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Re: Newbie Frustration

Tesla Coil wrote:
> On 21 Nov 1999, Steven Pritchard replied to Walt Black:
> >> I can get the x windows and KDE working but I can't
> >> seem to print from any program.  The manual with SuSE
> >> 6.1 sucks bigtime!
> >
> > I always thought the SuSE manual was pretty good, but
> > I haven't looked at it in a long time...
> >
> > Keep in mind that SuSE is based out of Germany, so
> > some of their documentation sucking may be a result
> > of translation.
> When the SuSE manual sucks, it's because they have the
> highest frequency of releases and manual doesn't always
> keep up with changes in the distro.

It does seem to jump around a little, hiting the highlights of some of the
software without ever really giving a tutorial or short getting started
lesson.  The 6.2 manual's better than the 5.2 or 6.1 manuals I have, and
I'd hope that teh 6.3 manual continues theier tradition of getting bette. 
6.3 has a better logo IMHO too. :)

> Some rpms built for Red Hat will not install on SuSE for
> differences in directory structure.  What few occasions
> I've run into a problem, I've been able to find an rpm built
> for SuSE, or, push comes to shove, there's the tarball.

There's usually a source RPM that will work too...  In general, if you know
how to force the package to install, you'll know how to repair the config
files that are broken.  Of course, in the unix way, there are always
multiple ways to do something - and if a package won't install there's
probably another way to do the same thing that *will* work...  Not that
that's really helpful or anything... :)

> >> 1.  How do you make Linux see a printer with Epson
> >> emulation?
> >
> > I'm sure somebody here with some SuSE experience
> > can help with that.  (There's a reason I only print to
> > Postscript laser printers...)
> I expect Cloudmaster has more experience in this dept.

Have you tried entering Yast, going to "system administration", "Integrate
Hardware into system", "Configure printers", then moving on to select
"Other Printer" in Printer Type field, and selecting "epson" or "epsonc" or
one of the epson-like selections?  Failing that, you might be able to find
ghostscript support for your Panasonic and specify that in the
"userdefined" printer types.  That might require recompiling ghostscript
and various other hassles - so I'd suggest working with the apsfilter
epsons first... 

> >> 2.  The best I can figure is that I can't load individual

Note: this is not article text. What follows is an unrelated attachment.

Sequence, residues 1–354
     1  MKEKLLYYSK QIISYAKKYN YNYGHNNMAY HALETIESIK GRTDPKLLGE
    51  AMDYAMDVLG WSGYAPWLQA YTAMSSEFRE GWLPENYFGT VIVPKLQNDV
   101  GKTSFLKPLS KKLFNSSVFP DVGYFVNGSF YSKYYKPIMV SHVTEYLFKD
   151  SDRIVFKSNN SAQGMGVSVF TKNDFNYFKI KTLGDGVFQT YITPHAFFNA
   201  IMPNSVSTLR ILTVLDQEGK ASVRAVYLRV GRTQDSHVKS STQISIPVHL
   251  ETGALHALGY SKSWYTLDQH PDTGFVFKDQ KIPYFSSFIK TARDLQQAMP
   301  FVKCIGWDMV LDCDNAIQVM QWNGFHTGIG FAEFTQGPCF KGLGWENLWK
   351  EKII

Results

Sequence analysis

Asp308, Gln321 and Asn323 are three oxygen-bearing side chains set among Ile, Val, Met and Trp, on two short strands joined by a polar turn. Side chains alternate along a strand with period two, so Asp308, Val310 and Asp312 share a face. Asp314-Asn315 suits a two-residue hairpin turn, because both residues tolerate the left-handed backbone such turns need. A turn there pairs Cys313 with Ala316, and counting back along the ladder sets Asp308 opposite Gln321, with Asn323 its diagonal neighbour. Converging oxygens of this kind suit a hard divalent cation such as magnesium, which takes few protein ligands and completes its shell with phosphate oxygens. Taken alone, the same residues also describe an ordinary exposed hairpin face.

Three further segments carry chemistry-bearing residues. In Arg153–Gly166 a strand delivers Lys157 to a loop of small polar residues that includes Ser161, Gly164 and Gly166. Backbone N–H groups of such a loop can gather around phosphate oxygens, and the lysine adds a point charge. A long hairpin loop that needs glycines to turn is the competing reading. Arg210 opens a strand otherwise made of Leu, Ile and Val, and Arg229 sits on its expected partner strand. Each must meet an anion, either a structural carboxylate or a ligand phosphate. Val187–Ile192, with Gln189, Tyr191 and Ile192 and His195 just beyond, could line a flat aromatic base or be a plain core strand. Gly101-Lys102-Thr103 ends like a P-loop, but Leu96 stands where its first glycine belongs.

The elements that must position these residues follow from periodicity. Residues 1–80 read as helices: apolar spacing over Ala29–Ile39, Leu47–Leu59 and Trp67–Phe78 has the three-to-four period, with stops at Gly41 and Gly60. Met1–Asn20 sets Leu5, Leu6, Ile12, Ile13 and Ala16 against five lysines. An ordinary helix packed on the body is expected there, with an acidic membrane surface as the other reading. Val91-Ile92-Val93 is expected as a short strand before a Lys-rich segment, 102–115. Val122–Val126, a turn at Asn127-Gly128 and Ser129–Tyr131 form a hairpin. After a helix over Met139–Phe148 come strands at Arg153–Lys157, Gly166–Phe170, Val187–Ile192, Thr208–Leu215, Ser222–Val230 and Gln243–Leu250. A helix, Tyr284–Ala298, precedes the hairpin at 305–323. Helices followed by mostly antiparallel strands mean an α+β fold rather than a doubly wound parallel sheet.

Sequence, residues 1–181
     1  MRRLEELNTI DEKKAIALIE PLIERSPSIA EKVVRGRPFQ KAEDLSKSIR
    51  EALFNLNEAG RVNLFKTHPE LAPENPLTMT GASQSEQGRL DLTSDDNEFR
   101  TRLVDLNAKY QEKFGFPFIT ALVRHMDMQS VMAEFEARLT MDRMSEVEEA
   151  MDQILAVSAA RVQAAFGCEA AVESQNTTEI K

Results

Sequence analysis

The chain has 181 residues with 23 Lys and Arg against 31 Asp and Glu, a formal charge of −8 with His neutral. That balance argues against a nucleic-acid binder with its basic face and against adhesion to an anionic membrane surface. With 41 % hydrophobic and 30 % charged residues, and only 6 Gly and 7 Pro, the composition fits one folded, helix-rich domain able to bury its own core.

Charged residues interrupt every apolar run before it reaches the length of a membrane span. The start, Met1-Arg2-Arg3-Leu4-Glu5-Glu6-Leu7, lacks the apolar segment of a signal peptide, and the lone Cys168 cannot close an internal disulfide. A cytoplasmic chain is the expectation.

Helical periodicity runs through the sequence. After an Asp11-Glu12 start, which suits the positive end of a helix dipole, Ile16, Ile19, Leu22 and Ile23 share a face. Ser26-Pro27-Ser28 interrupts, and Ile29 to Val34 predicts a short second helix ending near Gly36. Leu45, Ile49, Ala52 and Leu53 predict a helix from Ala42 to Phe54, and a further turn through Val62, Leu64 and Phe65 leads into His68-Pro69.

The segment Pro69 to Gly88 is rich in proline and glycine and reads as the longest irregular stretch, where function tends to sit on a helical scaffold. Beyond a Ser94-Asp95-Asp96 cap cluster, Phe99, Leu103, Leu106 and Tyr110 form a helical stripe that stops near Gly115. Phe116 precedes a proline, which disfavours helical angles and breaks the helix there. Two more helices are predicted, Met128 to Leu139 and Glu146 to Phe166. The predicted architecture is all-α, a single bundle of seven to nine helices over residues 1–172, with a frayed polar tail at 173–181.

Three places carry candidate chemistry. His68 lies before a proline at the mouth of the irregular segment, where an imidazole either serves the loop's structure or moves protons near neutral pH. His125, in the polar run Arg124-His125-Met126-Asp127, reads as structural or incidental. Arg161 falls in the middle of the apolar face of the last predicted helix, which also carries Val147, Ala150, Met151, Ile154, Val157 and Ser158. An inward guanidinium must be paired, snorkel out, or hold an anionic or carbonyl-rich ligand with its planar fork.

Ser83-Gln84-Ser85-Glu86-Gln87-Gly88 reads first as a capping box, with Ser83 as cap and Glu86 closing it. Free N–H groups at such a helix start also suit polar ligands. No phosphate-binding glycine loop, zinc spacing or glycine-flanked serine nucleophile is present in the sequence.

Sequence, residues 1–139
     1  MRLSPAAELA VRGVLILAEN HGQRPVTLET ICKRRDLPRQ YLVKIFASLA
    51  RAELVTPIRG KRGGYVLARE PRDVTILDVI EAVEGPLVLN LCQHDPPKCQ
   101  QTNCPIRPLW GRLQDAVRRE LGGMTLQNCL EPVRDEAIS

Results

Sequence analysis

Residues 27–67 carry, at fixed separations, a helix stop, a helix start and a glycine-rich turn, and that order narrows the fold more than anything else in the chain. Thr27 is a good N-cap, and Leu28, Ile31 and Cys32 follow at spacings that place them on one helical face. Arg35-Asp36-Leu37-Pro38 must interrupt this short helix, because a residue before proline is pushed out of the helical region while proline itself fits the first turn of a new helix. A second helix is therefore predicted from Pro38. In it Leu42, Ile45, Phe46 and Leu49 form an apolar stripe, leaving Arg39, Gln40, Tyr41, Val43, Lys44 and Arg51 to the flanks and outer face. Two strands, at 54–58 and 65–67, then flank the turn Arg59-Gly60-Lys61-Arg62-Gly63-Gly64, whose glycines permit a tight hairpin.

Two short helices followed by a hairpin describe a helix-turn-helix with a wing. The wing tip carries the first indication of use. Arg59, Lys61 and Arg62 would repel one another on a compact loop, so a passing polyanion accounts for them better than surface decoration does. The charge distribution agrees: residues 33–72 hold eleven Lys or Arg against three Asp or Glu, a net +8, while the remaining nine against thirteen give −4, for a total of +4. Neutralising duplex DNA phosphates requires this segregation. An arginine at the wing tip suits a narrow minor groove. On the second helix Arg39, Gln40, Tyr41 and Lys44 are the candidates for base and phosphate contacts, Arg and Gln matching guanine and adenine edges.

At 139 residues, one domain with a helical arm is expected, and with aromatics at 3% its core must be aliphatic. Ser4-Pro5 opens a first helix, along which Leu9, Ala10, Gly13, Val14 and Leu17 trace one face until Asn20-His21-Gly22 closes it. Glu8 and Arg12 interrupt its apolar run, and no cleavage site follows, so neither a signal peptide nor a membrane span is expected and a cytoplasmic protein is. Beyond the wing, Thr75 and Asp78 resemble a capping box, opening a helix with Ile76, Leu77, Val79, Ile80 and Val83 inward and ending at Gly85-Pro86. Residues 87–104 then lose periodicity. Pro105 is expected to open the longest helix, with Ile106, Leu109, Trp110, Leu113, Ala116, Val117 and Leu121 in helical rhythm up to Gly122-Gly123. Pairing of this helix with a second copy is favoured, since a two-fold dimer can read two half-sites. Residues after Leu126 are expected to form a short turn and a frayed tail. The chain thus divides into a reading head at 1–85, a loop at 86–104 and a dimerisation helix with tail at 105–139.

> >> programs off the CDs but have to install large packages
> >> of many, many things I don't need to get the programs
> >> I do need.  How can I find what programs I have loaded?
> >> Without a working printer it is too overwhelming!
> >
> > I'm not sure how YAST handles adding packages, or if
> > it does, for that matter, but you can always mount the cd
> > by hand and use rpm to install individual packages.  (Could
> > somebody who is more familiar with SuSE give an example
> > here?)

On each disk is a file called "english.pkd" in the setup directory. This
has the english description of each package in the distrib.  So, to play
with that like I would, you can mount the cdrom on /cdrom 
	mount /dev/cdrom /cdrom
open the file 	
	less /cdrom/setup/descr/english.pkd
and search for whatever you wanna install
	/ searchterm
("/" searches in less and in vi & derivitives)
You'll find a package name in the entry you're looking at, along with
description and other unreadable stuff.  Once you've found the package name
you want, quit by pressing "q", then open up the common descriptions
	less /cdrom/setup/descr/common.pkd
and search for that package name (vim.rpm, for example).  In that entry,
you will find a line that says something like "InstPath:      01 /a1/" -
the "01" means that the package in on disk 1, and the "/a1" means it's in
the directory "suse/a1/" on your CD.  So to install it (assuming the
correct CD mounted on /cdrom), you'd type 
	rpm --install -v /cdrom/suse/a1/vim.rpm
as root.  Since you've got '-v' in there, you'll get some stuff printed out
and then have a wonderful editor to use in place of bloated emacs and
involuntary word wrapping pico. :)

> > If you want to know what packages you have installed,
> > just do the following:
> >
> >   rpm -qa | sort | more
> Install xrpm if you haven't.

kpackage is also nice if you're using the KDE stuff.  webmin's interface to
packages is pretty cool too...

I hope I've been of some help...


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